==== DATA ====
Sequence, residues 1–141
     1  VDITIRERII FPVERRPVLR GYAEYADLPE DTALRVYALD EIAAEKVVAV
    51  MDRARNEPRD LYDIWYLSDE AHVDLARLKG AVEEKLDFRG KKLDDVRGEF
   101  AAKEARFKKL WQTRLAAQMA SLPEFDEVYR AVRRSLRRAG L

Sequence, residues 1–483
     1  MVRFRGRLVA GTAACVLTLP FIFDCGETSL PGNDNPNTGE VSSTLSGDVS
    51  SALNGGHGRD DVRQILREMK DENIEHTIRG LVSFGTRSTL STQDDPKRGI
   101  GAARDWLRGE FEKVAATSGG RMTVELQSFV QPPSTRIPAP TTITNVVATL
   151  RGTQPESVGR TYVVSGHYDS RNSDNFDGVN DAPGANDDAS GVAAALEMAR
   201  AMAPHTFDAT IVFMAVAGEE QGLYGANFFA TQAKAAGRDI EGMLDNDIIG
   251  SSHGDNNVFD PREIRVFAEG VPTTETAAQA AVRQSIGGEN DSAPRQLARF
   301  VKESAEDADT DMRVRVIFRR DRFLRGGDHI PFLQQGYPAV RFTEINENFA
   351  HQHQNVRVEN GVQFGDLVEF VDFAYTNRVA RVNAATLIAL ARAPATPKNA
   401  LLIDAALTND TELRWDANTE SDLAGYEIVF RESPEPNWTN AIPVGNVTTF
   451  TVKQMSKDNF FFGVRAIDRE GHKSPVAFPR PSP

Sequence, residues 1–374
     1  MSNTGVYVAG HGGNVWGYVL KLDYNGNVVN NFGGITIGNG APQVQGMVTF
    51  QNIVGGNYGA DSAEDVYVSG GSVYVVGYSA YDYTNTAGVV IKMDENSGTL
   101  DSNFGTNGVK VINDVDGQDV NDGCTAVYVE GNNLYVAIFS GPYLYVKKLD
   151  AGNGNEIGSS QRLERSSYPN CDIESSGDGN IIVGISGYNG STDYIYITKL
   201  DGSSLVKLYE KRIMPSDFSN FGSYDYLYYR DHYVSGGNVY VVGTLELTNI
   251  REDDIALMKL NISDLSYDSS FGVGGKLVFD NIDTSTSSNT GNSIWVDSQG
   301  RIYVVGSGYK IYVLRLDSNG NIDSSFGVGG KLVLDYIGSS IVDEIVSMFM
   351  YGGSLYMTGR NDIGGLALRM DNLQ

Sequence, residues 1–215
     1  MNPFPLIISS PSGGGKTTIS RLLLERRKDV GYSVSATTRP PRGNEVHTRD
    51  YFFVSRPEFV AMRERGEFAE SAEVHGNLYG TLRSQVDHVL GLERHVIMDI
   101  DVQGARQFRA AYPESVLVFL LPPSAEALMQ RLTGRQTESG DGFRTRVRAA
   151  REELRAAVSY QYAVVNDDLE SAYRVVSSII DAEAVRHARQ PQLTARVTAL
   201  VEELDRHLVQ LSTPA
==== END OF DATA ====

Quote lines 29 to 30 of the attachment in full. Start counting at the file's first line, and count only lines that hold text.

   151  REELRAAVSY QYAVVNDDLE SAYRVVSSII DAEAVRHARQ PQLTARVTAL
   201  VEELDRHLVQ LSTPA